Cameras have become a ubiquitous part of life thanks to smartphones. It’s now easier than ever to record an event as it happens, and that extends to police conduct in public as well. Such recordings of arrests have been instrumental in determining whether police acted within the law when suspects have later pursued lawsuits for police misconduct.
Unfortunately, this means that some police officers have become wary of average citizens exercising their rights to record them, and will sometimes threaten or otherwise attempt to dissuade the public from recording them. It’s important to note that there is absolutely no law or ordinance in the city of Chicago, the state of Illinois or at the federal level that bars recording police in public, but there are things to keep in mind if you notice the police doing something in public that you believe warrants recording it.
Tips for Recording Police in Public
First, it remains illegal to record private conversations in the state of Illinois. There is no legal authority to record police when they are off-duty without their permission, or if two officers are speaking to each other in a restaurant. However, you are perfectly within your rights to record police if you see them conducting an arrest. Keeping this in mind, there’s no reason to attempt to hide what are you doing. An officer may object to the recording and tell you that you are breaking a law. You are within your rights to tell him clearly and respectfully that you are not breaking any state or federal law and continue recording.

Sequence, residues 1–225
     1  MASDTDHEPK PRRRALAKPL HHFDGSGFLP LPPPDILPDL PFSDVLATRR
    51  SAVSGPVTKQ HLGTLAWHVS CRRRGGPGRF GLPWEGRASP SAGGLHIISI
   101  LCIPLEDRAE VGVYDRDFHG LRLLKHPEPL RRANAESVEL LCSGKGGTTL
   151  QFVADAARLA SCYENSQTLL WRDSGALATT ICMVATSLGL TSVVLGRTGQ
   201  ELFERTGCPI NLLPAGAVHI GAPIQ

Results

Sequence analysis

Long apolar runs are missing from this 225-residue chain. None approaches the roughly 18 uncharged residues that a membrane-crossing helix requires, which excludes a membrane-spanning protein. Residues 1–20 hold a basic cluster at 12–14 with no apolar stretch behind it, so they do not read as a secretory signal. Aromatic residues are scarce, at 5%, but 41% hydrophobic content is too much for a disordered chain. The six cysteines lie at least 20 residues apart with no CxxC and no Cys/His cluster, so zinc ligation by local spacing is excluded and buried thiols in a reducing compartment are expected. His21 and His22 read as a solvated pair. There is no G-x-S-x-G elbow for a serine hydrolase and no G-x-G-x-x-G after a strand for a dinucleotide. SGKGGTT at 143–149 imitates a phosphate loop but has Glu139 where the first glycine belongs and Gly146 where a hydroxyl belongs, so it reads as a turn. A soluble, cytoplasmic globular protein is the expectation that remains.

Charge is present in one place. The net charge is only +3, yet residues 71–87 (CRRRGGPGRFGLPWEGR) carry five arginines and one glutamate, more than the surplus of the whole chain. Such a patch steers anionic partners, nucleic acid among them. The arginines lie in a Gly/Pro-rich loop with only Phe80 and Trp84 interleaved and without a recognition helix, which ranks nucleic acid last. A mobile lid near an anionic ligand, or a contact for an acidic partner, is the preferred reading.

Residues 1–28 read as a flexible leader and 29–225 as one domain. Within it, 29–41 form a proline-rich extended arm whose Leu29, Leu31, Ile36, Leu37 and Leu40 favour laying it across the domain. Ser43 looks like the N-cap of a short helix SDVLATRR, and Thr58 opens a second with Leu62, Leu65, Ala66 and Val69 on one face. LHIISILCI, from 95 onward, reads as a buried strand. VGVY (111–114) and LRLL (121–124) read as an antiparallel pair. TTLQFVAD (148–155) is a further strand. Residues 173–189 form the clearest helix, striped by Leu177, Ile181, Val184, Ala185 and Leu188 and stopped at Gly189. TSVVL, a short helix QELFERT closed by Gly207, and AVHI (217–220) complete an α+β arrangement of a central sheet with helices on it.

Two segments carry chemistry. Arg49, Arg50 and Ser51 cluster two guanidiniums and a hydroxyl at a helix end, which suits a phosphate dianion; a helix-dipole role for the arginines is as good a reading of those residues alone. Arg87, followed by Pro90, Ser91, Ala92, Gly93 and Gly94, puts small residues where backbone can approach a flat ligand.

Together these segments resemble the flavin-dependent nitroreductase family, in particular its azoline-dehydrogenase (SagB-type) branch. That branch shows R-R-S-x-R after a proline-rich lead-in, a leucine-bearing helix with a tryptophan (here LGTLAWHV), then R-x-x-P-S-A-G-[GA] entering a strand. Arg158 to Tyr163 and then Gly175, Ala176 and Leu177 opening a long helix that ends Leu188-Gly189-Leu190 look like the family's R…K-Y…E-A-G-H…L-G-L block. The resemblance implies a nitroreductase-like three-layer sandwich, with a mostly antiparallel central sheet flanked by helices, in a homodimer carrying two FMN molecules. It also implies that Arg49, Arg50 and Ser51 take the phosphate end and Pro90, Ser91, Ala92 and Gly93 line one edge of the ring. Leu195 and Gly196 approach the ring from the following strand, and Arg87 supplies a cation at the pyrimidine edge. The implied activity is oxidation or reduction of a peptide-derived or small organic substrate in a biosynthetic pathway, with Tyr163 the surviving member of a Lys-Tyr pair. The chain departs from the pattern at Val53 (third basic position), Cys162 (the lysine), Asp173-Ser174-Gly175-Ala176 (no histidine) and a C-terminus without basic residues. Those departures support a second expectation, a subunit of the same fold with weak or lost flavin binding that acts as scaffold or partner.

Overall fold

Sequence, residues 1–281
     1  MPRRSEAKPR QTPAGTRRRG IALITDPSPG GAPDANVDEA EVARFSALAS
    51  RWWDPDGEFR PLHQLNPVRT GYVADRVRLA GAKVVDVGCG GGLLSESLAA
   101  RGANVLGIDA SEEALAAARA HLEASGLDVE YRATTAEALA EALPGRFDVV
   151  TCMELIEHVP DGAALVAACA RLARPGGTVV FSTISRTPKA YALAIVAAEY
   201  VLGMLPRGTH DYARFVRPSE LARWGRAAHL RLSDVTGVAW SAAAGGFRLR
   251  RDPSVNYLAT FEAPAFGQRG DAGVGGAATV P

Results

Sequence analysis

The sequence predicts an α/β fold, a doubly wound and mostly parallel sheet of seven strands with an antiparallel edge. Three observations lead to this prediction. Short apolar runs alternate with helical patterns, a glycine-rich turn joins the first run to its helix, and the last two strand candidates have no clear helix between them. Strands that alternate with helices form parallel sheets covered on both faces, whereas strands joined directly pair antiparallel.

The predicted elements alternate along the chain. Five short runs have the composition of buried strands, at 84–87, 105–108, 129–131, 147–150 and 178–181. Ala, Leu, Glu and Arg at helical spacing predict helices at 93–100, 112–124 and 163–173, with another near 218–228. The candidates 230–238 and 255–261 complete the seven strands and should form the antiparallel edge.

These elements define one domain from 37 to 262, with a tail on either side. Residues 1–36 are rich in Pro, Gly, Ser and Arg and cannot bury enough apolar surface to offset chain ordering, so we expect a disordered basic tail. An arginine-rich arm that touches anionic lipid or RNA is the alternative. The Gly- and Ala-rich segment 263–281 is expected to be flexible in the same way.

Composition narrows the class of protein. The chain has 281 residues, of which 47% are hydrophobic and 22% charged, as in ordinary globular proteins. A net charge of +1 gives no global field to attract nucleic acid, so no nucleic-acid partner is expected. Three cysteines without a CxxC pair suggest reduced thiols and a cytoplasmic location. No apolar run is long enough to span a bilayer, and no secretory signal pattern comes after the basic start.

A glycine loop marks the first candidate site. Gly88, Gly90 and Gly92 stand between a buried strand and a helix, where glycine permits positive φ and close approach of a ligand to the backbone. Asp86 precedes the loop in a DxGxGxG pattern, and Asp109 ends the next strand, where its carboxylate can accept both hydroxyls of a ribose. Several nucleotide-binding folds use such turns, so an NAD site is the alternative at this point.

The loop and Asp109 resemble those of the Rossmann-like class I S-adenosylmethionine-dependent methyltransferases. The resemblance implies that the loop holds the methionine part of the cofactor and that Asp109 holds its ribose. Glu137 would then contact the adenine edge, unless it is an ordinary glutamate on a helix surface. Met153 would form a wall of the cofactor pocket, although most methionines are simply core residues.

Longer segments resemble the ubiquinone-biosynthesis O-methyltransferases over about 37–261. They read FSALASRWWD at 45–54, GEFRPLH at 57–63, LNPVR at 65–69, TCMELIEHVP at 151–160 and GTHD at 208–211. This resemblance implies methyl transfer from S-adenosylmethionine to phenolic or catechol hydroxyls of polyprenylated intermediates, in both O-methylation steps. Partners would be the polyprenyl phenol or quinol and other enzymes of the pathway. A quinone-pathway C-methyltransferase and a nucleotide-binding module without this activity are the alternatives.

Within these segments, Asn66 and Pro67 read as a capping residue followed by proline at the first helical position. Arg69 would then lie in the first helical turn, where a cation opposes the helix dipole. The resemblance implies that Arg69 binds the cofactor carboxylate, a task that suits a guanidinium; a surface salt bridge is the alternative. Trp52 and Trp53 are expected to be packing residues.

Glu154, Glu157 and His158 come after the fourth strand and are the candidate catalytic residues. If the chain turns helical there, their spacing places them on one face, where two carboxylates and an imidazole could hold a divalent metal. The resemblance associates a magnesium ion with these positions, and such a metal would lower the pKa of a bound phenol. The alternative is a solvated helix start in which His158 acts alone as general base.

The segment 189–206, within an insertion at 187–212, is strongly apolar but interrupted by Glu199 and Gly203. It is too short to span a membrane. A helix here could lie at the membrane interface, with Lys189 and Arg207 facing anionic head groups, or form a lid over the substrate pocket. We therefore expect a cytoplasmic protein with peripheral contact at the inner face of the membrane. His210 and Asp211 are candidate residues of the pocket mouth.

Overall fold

However, you may not interfere with a police officer’s official duties. If a police officer needs to get past you to complete an arrest or obtain a piece of evidence, you have no authority to get in his way while recording. You still must listen to police orders to stay out of the way for the safety of you and other members of the public, and obey these orders. Under Illinois law, you also must identify yourself if a police officer requests this information.
The worst case scenario is that even though you are acting within the law, the police officer finds some reason to arrest you. It is extremely important to understand that even though this arrest is without any legal grounds, you are not entitled to resist arrest and must allow yourself to be taken into custody. You may then request an attorney who will seek to have any charges brought against you dismissed and ensure that the recording of the police encounter is preserved.
Need Legal Help?
It’s important to remember that police officers enforce the law, they are not above it. If you believe you have been the victim of police misconduct, it’s important to hold officers accountable for their violations of the law and ensure you are fairly compensated for any injuries you sustained. For more information, contact Barney & Hourihane today for a consultation.
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